Stay tuned for more news about our upcoming Google Play release. I can’t promise a concrete date just yet, but we are certainly striving to get the game on Android before 2018 ends. That’s all I can say right now!

 

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Where Shadows Slumber is now available on the App Store! bit.ly/WSS-iOS

Find out more about our game at WhereShadowsSlumber.com, ask us on Twitter (@GameRevenant), Facebookitch.io, or Twitch, and feel free to email us directly at contact@GameRevenant.com.

Frank DiCola is the founder of Game Revenant and the artist for Where Shadows Slumber.

The Long Climb Ahead

Now that our game Where Shadows Slumber has been on the App Store for nearly two weeks, I’m getting a better sense of how things work on the platform. The team was very excited to see our game near the “big boys and girls” of the App Store during our launch weekend. However, since then, our ranking in the Puzzle section has dropped. Where we were once #3, we are now only #196 as of this writing. It changes every day!

Apple’s algorithm for displaying these games is likely based on sales figures and the app’s rating – a combination of quality and popularity. Our rating is 4.2 out of 5 as of this writing, and it also changes every day as more reviews trickle in. This blog post is about our struggles this past week to keep our rating in the golden zone.

 

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Mark Cuban always says “treat your customers like they own you – because they do.”

I’m Now A Customer Service Agent!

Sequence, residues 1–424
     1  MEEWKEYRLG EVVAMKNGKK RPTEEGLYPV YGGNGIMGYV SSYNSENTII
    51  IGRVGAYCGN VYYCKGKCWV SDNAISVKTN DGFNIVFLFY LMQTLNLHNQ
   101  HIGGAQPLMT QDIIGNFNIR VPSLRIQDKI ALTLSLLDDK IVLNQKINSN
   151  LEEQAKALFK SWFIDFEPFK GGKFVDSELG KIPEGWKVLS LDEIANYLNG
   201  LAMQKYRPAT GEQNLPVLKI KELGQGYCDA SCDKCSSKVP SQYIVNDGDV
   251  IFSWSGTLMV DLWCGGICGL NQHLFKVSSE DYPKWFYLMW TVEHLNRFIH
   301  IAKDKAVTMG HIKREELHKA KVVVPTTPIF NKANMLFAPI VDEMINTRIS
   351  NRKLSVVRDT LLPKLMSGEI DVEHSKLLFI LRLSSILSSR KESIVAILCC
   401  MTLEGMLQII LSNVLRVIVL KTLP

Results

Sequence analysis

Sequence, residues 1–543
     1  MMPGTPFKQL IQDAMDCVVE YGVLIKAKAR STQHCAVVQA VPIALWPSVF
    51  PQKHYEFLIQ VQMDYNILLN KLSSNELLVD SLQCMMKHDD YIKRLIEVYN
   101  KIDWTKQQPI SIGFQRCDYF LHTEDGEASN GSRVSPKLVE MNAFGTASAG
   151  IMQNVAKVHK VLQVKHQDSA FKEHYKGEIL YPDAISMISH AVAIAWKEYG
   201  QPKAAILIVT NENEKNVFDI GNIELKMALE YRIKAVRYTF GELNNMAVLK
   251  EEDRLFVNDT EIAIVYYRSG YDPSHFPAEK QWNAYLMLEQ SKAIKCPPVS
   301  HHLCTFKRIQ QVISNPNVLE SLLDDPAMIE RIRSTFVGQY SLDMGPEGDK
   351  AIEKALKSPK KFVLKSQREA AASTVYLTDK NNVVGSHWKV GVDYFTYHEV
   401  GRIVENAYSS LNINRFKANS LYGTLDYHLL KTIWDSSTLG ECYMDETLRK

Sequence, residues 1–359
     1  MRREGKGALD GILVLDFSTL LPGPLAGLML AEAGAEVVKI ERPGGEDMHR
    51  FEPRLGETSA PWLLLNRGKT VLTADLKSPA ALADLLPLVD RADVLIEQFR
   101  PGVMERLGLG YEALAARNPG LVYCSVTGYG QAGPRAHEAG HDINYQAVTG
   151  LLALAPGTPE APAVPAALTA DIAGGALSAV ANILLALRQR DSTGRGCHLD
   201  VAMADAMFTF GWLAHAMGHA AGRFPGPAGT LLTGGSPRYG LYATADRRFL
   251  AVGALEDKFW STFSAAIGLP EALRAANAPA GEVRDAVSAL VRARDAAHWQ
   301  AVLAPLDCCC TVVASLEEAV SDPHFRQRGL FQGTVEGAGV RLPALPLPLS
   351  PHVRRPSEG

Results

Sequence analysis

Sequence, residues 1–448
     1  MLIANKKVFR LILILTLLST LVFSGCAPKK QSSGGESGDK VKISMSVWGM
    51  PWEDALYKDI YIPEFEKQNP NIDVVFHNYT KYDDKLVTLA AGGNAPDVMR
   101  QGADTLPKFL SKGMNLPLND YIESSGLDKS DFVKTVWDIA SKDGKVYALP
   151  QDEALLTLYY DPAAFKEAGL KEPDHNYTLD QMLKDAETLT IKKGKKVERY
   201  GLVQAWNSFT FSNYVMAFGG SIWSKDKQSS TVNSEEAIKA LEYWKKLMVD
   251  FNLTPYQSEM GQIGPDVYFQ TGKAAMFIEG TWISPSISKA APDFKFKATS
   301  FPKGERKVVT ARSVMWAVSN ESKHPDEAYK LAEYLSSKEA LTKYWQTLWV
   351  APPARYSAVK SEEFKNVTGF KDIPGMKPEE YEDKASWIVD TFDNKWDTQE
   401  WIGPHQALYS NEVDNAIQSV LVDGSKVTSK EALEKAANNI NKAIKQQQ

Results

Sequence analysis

I did not expect this unlikely transition, but I’ve gone from head artist on Where Shadows Slumber to Game Revenant’s sole customer service rep. Between responding to reviews on our app page through App Store Connect, fielding questions over email, chatting with people through the Game Revenant Facebook Page, and even responding to bug-report tweets (!) most of my time is spent communicating with customers.

That’s a lot better than not communicating with customers of course, but I still wish I had more time to dedicate to promotion. For example, I’ve been dragging my feet releasing a full 1 minute long trailer. It still hasn’t gone live! I also planned to sign up for physical events where I can go to hawk our product in front of real customers, but I haven’t prepared as much of that as I would have liked.

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Even so, responding to customers is my number 1 priority. We want our rating (4.2) to be as close to 5.0 as possible. You’ll never get a perfect 5.0, so the question becomes “how do we get our average rating as high as possible?” Most of our friends and family probably already reviewed our game at this point, so we can only get new 5 star reviews from new fans. But my strategy is to be super nice to everyone who left a 1-star review, in the hopes that they change their mind. This has already happened once, so the plan is working! (See above – this user experienced crashes and left a 1-star review. After some compassionate understanding and furious debugging, they changed their mind!)

 

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Furious Debugging and Patching

Speaking of furious debugging, if you read Jack’s post last week, you’re aware that some players have encountered serious bugs with our game. Those problems are gone now, but it’s a shame so much of our launch week was spent focusing on these issues. I’ve learned a valuable lesson about Static Objects and the Memory readout in Xcode – one I shall not soon forget! I had a feeling our first few weeks would be focused on debugging, but I was hoping the errors would not be so widespread.

This caused a delay in responding to customers as well, because I didn’t want to reply to them before the issue was fixed. I’m happy to say that we’re mostly good now, at least on Apple devices from the last three years. If you’ve encountered any serious errors your first time playing our game, please download the most recent version of Where Shadows Slumber from the App Store and you’ll find it good as new!

 

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Help Us Out!